I never thought much about old people growing up. I mean, I never really noticed the daily things that go into being elderly. I used to hear my grandfather or my grandmother talk about their rheumatism or arthritis or the famous ‘creaking old bones’ or how their knees hurt before it rains, but when you’re twelve years old, you’re more concerned with riding your bike to town or buying comic books at the drug store. When you’re twelve years old you’re immortal, full of ‘piss and vinegar’ like my dad used to say.
That being said, I’m starting to see the light at the nursing home entrance. I’m surrounded by walkers, canes and crutches (oh, my). It’s like a geriatric Wizard of Oz, without the magic slippers. I live in a minimum security unit in the Southeast corner of Texas, south of Houston. There are around 1,500 inmates here, 450-500 of which are medically unassigned – pardon the expression, ‘the broke dicks’.
We don’t work in the kitchen, the laundry or the unit cannery. We don’t clean dorms or floors or anything. Most of us are over the age of fifty. Most have done the required amout of ‘flat time’ to be eligible for parole. Most have little or no disciplinary problems or records. Some have families to parole home to.
Some have everything an incarcerated individual could dream of, three meals a day, a hot shower, a bed to sleep in, a phone available to call their loved ones, and $95 every two weeks to spend at the unit commissary, where they can buy things like stamps, paper, envelopes, soft drinks, snacks, coffee and tea, or hygiene products like soap, toothpaste, shampoo, etc.
But you can’t by time. You can’t buy a visit from your family or friends. In most of our cases, time is the enemy now.
I’m not a soap box kind of guy. I’m not a crusader or an advocate, however, I’m a very emotionally connected person. When I watch the television or listen to NPR and I hear of a tragedy or see human suffering, I’m deeply affected. When I see a man in his 70’s and 80’s being set off for parole after twenty years or more of being a model prisoner, I ask myself two questions.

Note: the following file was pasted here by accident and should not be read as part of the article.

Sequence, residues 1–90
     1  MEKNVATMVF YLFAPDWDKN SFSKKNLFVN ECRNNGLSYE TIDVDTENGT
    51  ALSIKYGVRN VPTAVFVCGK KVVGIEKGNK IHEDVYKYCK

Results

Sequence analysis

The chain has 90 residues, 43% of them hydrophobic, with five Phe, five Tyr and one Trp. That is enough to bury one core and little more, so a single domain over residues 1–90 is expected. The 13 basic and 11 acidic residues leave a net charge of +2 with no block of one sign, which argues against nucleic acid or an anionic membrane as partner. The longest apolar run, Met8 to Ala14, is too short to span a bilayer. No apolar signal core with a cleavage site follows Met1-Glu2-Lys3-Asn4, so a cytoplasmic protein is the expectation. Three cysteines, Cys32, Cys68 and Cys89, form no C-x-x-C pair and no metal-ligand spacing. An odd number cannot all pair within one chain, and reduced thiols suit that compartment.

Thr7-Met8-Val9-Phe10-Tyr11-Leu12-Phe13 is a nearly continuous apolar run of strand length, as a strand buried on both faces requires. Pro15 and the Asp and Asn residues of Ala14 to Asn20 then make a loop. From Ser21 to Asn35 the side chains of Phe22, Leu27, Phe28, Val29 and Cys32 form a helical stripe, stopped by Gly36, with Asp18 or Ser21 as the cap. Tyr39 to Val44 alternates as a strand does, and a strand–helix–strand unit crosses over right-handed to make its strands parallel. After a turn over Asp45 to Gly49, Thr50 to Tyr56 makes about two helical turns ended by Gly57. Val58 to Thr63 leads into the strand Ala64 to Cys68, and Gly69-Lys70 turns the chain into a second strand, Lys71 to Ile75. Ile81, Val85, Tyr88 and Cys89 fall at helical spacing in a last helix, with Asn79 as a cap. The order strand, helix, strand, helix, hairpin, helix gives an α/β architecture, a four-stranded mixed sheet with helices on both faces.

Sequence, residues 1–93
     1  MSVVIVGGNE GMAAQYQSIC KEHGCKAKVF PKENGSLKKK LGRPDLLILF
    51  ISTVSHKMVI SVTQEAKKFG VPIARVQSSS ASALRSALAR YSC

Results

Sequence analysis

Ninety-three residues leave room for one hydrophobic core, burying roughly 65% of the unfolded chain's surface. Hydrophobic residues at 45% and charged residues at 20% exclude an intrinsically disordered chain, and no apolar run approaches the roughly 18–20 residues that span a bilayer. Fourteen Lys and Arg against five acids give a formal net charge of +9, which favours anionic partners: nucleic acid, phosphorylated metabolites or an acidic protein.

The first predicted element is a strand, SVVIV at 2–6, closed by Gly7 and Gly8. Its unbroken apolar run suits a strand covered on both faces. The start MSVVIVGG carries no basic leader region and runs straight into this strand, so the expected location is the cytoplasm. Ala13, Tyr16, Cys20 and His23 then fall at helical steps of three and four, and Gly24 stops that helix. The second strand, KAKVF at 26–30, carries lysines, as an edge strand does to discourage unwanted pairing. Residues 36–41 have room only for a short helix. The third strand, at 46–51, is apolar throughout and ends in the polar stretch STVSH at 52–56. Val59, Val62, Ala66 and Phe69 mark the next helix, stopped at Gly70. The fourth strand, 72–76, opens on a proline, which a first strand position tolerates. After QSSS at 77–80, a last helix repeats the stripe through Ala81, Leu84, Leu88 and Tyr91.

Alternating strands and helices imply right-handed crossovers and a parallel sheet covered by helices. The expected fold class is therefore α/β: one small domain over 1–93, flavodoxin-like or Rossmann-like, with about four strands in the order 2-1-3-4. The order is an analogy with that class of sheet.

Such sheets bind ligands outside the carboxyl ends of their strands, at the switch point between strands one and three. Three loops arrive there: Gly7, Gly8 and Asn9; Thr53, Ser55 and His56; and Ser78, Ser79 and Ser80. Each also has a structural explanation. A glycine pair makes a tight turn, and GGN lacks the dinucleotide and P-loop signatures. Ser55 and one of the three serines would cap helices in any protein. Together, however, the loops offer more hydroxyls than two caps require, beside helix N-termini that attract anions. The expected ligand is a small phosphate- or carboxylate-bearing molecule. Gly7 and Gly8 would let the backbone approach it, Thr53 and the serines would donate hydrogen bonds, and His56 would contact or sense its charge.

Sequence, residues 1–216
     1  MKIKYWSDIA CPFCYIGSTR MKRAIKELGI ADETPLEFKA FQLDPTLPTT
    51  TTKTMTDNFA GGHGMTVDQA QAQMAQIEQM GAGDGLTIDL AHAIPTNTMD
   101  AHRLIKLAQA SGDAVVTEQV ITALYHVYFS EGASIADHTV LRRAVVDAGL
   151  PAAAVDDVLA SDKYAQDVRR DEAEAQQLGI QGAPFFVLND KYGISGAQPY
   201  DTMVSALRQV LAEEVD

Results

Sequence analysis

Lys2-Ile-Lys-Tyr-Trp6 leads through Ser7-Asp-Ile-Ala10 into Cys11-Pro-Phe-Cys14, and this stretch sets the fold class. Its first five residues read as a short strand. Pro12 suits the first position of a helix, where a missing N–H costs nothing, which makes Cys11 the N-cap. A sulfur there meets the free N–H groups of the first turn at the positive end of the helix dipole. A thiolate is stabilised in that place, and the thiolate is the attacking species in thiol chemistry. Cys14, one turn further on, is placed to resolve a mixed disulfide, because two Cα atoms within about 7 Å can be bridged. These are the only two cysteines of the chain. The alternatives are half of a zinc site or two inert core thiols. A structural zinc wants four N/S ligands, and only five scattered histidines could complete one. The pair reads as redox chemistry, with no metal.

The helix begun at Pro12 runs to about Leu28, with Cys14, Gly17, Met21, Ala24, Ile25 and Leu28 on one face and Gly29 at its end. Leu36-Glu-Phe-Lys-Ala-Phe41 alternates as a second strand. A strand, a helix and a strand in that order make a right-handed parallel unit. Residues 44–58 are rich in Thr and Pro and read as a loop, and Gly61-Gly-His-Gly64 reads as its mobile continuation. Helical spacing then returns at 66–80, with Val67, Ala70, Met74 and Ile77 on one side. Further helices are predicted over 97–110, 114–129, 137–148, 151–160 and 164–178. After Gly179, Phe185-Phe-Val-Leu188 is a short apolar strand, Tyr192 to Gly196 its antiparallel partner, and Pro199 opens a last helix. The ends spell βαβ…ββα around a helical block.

Why? and How much longer?
I’m starting to ask those two questions in reference to myself. I was 32 years young when I arrived here. Now I’m 57, and I came up for parole ten years ago. I have less than a dozen minor disciplinary cases over the last twenty-five years, most of these are directly related to my being a diabetic. I’ve been a Type I diabetic since I was eleven years old.
I’ve never been in a fight.
I’ve never tested positive for any drugs.
I’ve never extorted anyone for anything.
I’ve never disobeyed a direct order or had any problems with staff or guards.
I’ve done every possible thing these folks have asked of me to go home.
Yet, I’m still here, and I’m not alone. And I’m getting older, and so are my brothers and sisters.
It is stated that it takes $30,000 to feed, house, clothe and guard me, plus medical expenses. That’s over $750,000 for the time I’ve been here, plus two visits to the hospital – close to a million dollars.
How many books could that buy for students?
How may hospital wings could that build?
How many roads and bridges could that repair?
How many homeless could that feed?
I want to make one thing clear – I’m not saying that prisons should be abolished. They are, as my dad used to say, a ‘necessary evil’. There are a group of people who should be incarcerated for what they’ve done. But everyone deserves a chance to redeem himself, because everyone, incarcerated or not, makes mistakes. Everyone has momentary lapses of reason. Everyone is human.
No one is above the law and no one deserves to be abandoned by it.
I’ve met some truly amazing individuals in the last 25 years, people who would give anything for a second chance.
My dad used to say, ‘We live life forwards, but we learn from it in reverse’. Those who learn should be rewarded. Those who do not should continue to be guarded. I’ve seen inmates leave here only to return two or three times because they were uneducated, unprepared, and overwhelmed, but there are some of us here who are not.
I consider myself lucky. I had a father who was my best friend, who loved and trusted me, and who, in his 56 years on this planet, never let me down. And I cry every day, not because I’m behind these walls, but because I miss him and I let him down. And because my time on this earth is growing short, and I might not get the opportunity to right what I did wrong.
I can’t undo what I’ve done, I can’t change the past. But I can undo some of the damage and I can change the future, and I will if given the chance…
ABOUT THE AUTHOR ‘Shipwrecked, Abandoned, Misunderstood’, but he still has the things his father instilled in him – humility, respect and love. In spite of 25 years behind bars, he continues to wake up every day holding on to his humanity and on a mission to change the world for the better.
John Green #671771
C.T. Terrell Unit A346
Rosharon, TX 77583